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We don’t use special pattern drafting tools either, just the basics. Straight edge or T-square, triangle, pencil and eraser. We go through proper tailors chalk like crazy. Pens are banned from the studio. We use ordinary un-waxed wide width white butchers paper for drafting, only using tailors card for patterns we plan to keep and reuse – this 92lb card stock is sold in rolls and is extremely heavy and somewhat expensive.

Wonderful gadgets, fancy sewing aids and swanky drafting tools are a boon for sewing hobbyists. DIY stores offer a specialized tool for every conceivable do-it or fix-it job you might ever do at home. As appealing or impressive as they might look they’re not necessarily manufactured for the professionals. However, it seems everyone wants them and they do look terrific on the collector’s shelf!
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Choosing your Couturier or Tailor

kelsey

Does this sound like you? You fear not getting what you imagined, fear not knowing what to expect, fear not being able to communicate your ideas adequately, and fear hidden agendas. Probably the most common hurdle that new clients face is fear!

Choosing a couturier or tailor is normally very intimidating for those ‘testing the waters’ and can be disheartening to those of you who have gone through an unhappy incident. It is after all, a very personal experience, and should be positive and satisfying at every level.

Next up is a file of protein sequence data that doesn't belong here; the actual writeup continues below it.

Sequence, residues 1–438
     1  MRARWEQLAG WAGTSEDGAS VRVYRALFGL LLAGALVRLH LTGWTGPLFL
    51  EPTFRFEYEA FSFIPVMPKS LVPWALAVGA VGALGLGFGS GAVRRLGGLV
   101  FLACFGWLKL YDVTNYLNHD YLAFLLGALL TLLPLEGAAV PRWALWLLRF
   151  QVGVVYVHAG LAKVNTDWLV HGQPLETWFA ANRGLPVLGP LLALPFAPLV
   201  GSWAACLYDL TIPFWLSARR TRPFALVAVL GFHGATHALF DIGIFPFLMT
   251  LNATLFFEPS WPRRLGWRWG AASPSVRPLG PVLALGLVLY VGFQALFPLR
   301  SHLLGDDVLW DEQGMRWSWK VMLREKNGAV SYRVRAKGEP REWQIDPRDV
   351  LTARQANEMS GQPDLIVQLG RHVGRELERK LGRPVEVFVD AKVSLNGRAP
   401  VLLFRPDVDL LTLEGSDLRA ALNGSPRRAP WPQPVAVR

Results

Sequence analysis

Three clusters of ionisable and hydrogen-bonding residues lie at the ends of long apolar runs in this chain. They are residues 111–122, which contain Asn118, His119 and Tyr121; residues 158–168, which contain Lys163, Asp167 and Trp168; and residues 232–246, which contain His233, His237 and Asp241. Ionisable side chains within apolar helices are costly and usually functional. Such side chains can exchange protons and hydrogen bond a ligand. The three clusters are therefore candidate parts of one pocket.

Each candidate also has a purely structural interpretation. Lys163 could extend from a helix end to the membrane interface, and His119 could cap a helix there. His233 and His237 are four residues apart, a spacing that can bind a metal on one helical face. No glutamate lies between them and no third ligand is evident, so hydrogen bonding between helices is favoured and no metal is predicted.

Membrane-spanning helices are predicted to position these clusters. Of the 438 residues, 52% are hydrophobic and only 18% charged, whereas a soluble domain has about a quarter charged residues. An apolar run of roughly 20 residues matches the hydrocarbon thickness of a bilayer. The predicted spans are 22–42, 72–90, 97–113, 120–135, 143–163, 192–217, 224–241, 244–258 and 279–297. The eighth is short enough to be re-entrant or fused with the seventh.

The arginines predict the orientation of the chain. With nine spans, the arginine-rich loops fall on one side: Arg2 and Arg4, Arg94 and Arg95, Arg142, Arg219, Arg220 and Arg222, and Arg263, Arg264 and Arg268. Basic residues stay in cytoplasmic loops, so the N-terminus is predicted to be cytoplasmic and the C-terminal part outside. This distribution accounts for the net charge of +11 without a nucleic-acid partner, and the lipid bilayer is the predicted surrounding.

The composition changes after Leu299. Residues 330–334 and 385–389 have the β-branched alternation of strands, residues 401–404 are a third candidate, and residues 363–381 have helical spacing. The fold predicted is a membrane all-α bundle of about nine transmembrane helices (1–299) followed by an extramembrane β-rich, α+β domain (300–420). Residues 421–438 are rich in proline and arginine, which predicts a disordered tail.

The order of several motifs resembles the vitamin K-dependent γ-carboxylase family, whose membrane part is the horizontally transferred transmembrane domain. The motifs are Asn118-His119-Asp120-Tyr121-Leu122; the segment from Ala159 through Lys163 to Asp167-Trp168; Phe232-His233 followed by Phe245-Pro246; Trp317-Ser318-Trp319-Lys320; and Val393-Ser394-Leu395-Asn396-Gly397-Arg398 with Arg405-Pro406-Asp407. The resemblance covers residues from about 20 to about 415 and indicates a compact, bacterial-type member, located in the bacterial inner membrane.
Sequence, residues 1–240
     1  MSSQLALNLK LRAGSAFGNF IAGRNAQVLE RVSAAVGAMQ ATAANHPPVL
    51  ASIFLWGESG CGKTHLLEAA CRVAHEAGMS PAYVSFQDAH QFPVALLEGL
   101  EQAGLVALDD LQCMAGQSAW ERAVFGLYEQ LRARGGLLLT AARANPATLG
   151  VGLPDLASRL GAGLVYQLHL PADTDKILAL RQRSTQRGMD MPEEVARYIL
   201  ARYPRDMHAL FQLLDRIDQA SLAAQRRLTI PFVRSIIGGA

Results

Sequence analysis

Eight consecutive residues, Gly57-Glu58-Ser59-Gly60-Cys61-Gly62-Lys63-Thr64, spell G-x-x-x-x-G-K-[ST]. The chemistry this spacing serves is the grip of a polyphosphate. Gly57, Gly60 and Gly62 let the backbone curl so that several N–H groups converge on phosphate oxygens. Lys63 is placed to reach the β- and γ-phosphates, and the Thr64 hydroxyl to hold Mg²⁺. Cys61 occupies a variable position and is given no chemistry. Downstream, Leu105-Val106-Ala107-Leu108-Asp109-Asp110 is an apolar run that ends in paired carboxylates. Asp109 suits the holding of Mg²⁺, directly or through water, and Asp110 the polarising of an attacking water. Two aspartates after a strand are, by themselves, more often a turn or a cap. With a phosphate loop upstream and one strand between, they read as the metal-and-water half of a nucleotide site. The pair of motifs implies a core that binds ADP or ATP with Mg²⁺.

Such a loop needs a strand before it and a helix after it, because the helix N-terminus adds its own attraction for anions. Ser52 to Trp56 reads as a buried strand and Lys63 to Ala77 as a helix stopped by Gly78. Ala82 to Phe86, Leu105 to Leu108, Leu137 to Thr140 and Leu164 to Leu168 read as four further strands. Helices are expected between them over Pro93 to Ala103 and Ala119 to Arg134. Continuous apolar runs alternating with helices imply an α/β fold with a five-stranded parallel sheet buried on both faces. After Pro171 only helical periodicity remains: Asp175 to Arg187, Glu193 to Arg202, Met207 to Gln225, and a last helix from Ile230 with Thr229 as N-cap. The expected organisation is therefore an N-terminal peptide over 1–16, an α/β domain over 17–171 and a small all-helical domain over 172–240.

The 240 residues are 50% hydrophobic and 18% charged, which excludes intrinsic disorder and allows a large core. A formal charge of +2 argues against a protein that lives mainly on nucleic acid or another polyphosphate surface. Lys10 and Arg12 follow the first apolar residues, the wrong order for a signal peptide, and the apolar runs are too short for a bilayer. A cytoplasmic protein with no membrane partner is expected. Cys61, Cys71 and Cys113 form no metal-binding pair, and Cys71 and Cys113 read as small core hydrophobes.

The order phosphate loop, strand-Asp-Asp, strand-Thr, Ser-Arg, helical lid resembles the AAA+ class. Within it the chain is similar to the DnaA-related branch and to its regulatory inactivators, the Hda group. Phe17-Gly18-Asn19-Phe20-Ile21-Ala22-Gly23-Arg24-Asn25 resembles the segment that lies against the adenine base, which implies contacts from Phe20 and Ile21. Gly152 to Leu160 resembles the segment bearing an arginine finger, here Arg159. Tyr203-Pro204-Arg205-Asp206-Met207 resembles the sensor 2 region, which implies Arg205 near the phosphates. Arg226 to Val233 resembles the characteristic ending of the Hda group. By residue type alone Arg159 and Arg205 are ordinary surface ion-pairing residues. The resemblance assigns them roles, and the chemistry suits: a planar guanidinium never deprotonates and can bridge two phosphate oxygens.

Whether you haven’t been to a couturier before or have been disappointed, it is understandably daunting.  My advice would be not to take a giant leap of faith, but purposefully take the time to get to know a couturier (or tailor). Explore if it may be a good fit working together. This is most often done during a consultation, but not always. It may begin with a referral, or research into social media or Google, email, or simply a phone call.

Professional couturiers and tailors will have developed their businesses based on their training and experience. It also follows, statistically speaking, that craftspeople, artisans, and creative types build businesses according to their personal set of values.  That’s to say, how they want to live and work and how they view their world. Also, don’t just assess their design sketches.  Look deeper into the quality of materials they use, the ‘fit’ they view as ideally suited for their clients, and their finishing standards outside and inside garments.